Lawmakers discussed a potential sales tax on services Tuesday as they vet ways to fund Gov. Brian Sandoval's budget and improve a tax structure that's been yielding less money as Nevada's economy evolves.
The Senate Committee on Revenue and Economic Development heard presentations from a handful of experts in a meeting that lasted more than three hours, although no specific bills were up for debate. One presenter asked whether lawmakers could or would act on the discussion after years of service tax talk going nowhere.
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"I can assure you, this session we're going to make decisions," said Republican Sen. Michael Roberson, the committee chairman.
Much of the hearing was devoted to a report, authored by the Washington, D.C.-based think tank Tax Foundation, that criticized Nevada's tax structure as narrow, outdated and complex. The study, commissioned by the Las Vegas Metro Chamber of Commerce, recommends extending the sales tax to services, which would make it more broad-based and allow lawmakers to reduce the relatively high sales tax rate.
The state's sales tax rates range from 6.85 percent in some rural counties to 8.1 percent in Clark County, and Nevada has the 13th highest average rate in the country. Expanding the sales tax to services would better align with consumer spending habits, which have shifted away from the purchase of goods and toward services, the organization said.
Sales taxes on goods covered about 80 percent of economic activity in 1970, but capture less than 50 percent of it today, according to foundation policy analyst Jared Walczak.
A services tax would also be less regressive than a sales tax solely on goods, Walczak argued, because wealthy people tend to spend a greater share of their income on services than on goods, while the poor spend proportionally more on goods. He offered the example of house cleaning: the rich pay a maid and don't pay a sales tax, while the poor buy cleaning products and do.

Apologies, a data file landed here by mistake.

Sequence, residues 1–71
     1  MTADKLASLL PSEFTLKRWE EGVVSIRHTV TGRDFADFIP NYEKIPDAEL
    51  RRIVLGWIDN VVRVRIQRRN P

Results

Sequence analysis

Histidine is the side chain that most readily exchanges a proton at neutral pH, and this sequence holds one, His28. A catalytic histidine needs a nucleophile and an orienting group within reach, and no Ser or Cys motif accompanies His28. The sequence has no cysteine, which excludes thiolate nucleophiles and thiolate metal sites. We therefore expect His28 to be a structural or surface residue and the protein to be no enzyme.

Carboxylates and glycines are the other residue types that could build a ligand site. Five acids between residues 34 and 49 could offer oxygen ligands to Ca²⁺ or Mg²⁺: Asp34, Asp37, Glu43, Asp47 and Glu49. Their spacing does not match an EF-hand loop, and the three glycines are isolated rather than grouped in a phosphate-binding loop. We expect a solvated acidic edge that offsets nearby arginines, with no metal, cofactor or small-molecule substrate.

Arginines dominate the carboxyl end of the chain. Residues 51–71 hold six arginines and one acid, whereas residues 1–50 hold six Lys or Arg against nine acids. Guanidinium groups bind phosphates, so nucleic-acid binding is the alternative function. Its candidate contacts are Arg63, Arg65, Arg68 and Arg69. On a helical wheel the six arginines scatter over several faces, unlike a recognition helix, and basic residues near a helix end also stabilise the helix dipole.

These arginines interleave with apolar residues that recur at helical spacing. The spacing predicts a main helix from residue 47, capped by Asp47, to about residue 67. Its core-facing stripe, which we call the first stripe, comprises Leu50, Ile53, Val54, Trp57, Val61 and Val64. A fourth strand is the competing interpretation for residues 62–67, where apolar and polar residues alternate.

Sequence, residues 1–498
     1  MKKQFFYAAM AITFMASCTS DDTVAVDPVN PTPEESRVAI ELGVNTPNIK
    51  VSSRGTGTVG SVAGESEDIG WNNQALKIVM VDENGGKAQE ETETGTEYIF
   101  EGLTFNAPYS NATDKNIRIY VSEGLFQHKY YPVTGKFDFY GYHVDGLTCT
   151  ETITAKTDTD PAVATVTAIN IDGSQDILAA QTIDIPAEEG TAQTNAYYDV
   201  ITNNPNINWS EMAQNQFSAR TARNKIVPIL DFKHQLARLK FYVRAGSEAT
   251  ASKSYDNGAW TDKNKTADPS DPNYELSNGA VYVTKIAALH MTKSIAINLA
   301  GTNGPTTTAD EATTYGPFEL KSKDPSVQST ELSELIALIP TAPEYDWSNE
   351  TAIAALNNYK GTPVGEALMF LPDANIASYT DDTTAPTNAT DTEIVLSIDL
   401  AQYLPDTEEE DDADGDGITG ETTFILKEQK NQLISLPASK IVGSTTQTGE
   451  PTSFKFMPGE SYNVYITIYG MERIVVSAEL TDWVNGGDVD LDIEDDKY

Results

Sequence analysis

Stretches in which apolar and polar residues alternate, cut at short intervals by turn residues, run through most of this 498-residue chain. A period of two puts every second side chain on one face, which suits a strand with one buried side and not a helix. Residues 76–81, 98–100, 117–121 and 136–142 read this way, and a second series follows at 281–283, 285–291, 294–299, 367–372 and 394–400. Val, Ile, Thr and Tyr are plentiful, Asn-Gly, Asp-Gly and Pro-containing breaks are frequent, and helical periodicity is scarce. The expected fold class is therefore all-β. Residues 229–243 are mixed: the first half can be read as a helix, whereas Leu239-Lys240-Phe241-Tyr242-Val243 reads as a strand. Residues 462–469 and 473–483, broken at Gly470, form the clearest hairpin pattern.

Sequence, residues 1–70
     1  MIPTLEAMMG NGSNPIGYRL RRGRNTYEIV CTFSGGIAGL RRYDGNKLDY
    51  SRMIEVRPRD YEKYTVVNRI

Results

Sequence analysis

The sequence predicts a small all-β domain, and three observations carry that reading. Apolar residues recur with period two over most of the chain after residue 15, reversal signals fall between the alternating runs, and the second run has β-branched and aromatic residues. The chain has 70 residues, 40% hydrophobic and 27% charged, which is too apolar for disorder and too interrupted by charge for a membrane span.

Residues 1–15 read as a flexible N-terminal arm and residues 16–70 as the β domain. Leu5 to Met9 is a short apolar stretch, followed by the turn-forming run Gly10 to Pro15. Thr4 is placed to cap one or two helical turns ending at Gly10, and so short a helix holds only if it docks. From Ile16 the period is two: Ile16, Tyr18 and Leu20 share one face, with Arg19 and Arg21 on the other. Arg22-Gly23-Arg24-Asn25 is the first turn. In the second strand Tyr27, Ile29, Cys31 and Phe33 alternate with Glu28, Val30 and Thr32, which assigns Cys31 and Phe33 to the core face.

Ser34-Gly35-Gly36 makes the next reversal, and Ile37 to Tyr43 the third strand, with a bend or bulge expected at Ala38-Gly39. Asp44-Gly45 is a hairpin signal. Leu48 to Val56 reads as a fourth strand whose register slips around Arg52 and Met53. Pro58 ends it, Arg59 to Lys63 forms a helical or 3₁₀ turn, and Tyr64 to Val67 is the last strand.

Lawmakers appeared skeptical of the assertion that the service tax was less regressive. Republican Sen. Greg Brower listed services he thought the poor might buy: veterinary care, insurance, funeral services, car repairs.
Democratic Sen. Aaron Ford said his constituents wanted to see businesses pay more taxes rather than the general consumer. He said he was less interested in the tax when the foundation recommended it only be paid by the end consumer, rather than in business-to-business transactions.
Alan Schlottmann, an economics professor at the University of Nevada, Las Vegas, said exemptions would need to be carved out to avoid taxing nondiscretionary services such as medical procedures, but argued that doing so would be a nightmare.
He questioned whether lawmakers could accomplish the complicated task before the legislative session ends in early June.
But Carole Vilardo of the Nevada Taxpayers Association warned lawmakers that Nevada's economy is evolving and the existing tax structure is not keeping up with a trend toward services.
"Sooner or later, something needs to be done," Vilardo said.
The sales tax talk comes on the heels of a discussion Friday about Nevada's live entertainment tax and will be followed by hearings on property, business and other taxes. It comes as Sandoval seeks funds for a major expansion in K-12 education programs, and has proposed revamping the state's business license fee to pay for it.